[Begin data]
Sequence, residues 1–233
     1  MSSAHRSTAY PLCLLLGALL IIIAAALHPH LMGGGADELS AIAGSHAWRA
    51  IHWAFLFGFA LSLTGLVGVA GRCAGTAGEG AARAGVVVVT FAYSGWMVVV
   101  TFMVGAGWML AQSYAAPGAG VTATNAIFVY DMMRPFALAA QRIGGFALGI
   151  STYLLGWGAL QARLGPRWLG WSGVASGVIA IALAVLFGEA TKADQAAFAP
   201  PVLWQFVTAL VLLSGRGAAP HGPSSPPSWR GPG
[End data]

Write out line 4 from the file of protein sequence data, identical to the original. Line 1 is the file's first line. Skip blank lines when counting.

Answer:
   101  TFMVGAGWML AQSYAAPGAG VTATNAIFVY DMMRPFALAA QRIGGFALGI